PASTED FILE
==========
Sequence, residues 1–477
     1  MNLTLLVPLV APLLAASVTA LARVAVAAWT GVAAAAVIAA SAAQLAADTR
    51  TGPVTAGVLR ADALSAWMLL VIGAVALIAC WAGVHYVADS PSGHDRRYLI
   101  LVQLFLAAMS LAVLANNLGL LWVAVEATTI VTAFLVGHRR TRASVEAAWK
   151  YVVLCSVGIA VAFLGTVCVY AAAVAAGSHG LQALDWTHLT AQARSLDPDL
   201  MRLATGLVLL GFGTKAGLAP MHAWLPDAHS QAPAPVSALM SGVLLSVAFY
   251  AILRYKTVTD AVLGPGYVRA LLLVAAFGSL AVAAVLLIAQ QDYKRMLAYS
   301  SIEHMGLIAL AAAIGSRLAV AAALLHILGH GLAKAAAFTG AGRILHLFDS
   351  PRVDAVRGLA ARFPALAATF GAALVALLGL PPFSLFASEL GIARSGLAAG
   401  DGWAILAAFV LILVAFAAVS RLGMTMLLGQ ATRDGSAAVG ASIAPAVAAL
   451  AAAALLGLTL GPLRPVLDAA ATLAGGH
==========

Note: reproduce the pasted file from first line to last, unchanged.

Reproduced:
Sequence, residues 1–477
     1  MNLTLLVPLV APLLAASVTA LARVAVAAWT GVAAAAVIAA SAAQLAADTR
    51  TGPVTAGVLR ADALSAWMLL VIGAVALIAC WAGVHYVADS PSGHDRRYLI
   101  LVQLFLAAMS LAVLANNLGL LWVAVEATTI VTAFLVGHRR TRASVEAAWK
   151  YVVLCSVGIA VAFLGTVCVY AAAVAAGSHG LQALDWTHLT AQARSLDPDL
   201  MRLATGLVLL GFGTKAGLAP MHAWLPDAHS QAPAPVSALM SGVLLSVAFY
   251  AILRYKTVTD AVLGPGYVRA LLLVAAFGSL AVAAVLLIAQ QDYKRMLAYS
   301  SIEHMGLIAL AAAIGSRLAV AAALLHILGH GLAKAAAFTG AGRILHLFDS
   351  PRVDAVRGLA ARFPALAATF GAALVALLGL PPFSLFASEL GIARSGLAAG
   401  DGWAILAAFV LILVAFAAVS RLGMTMLLGQ ATRDGSAAVG ASIAPAVAAL
   451  AAAALLGLTL GPLRPVLDAA ATLAGGH